Ausgabe 04/24

Participation for Students!

Stephanie Sell

The sheer commitment to a better future and the urge it sends out to the grown-up world to fulfill its duty and bring about this better future by means of concrete measures is acknowledged and has a motivating effect on those responsible.
At my school, some students have woken up as a result of this movement. They have realized that they can have an influence. Through the national student conferences, they got in touch with equally committed students from all over Germany. In the meantime, a nationwide school policy section has been founded within the Student Council, which consists of delegated students from all state associations. It pursues the implementation of a ten-point plan that contains development goals for Waldorf schools defined by the students.
A few weeks ago, I had my first meeting with these students. It was impressive to see the discipline with which the meeting was conducted and how much appreciation and open feedback culture was practiced there. The consultation points were a wake-up call: Not all Waldorf schools have a student council. A considerable number of student representatives have to fight for acceptance. There is not always regulated participation in the school's decision-making processes. The students perceive an increase in psychological problems among the student body and often feel left alone with them. The protection concept is unfamiliar to students at many of the schools.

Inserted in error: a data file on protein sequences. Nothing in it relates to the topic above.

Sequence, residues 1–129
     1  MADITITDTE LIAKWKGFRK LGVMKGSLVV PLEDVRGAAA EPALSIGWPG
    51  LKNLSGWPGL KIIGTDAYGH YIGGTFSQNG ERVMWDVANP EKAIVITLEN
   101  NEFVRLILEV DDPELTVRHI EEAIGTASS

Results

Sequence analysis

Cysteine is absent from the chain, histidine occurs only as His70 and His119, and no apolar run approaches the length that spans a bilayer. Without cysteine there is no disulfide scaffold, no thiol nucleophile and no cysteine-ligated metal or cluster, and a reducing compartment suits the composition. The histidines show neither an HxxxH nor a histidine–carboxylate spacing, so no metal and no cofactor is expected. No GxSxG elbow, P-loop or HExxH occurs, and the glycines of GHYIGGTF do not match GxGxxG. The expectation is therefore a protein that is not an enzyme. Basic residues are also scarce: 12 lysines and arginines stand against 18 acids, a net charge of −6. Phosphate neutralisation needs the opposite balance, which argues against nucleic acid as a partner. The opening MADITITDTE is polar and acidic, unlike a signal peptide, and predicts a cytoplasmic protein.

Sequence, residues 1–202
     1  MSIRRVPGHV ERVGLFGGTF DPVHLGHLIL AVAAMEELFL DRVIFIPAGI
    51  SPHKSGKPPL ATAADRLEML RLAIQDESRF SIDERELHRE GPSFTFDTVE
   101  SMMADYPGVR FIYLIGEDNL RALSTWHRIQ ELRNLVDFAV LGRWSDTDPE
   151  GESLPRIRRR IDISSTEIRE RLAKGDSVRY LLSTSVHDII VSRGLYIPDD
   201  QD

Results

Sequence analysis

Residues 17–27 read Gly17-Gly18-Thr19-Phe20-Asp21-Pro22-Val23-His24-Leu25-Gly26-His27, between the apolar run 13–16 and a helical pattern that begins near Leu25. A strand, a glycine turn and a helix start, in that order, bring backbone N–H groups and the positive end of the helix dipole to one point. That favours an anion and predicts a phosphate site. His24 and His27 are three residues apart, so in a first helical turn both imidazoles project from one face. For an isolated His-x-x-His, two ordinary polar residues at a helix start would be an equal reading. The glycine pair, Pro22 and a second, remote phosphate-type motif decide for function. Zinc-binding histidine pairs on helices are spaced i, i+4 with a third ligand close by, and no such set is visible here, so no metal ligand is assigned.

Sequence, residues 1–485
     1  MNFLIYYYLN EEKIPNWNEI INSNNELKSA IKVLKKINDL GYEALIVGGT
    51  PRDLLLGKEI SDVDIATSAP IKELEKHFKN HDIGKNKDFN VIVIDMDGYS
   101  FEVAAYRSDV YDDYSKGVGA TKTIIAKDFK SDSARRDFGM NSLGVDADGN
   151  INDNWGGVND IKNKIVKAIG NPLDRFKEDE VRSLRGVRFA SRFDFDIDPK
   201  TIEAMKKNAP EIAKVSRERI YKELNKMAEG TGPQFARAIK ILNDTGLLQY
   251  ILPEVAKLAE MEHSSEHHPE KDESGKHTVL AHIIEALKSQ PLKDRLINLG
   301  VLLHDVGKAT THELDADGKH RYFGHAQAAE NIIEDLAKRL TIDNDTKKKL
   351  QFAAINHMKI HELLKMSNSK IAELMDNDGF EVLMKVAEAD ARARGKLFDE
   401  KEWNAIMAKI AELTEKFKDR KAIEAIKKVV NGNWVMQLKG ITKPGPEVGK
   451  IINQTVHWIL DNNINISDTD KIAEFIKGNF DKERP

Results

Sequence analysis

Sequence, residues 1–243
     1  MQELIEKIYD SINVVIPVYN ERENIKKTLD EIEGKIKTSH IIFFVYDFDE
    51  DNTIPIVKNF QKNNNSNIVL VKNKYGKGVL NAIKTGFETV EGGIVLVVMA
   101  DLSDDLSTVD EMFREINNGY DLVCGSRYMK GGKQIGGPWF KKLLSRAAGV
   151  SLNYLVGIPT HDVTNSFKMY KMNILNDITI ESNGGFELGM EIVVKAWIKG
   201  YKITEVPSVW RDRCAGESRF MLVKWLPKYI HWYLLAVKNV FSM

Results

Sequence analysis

The question of how attention can be drawn to these topics and how to strengthen the work of student representatives at individual schools was discussed. In this context, the question arose as to whether the Waldorf colleges actually dealt with the topics of the value, structure and maintenance of a student council.
I went home after the Student Council meeting deeply satisfied. I consider all the questions that came up there to be important and legitimate. With great appreciation for the faculties, we considered what needed to be done and how we could work together on the issues. Above all, however, it was decided not to give up because the issues were too important.
We adults can look forward to seeing how this commitment will manifest itself and where it will manifest itself. I hope that these calls will be heard and acted upon at the individual schools, and I would like to contribute to ensuring that we listen to students' concerns and address them in an appreciative and responsible manner during my term of office.


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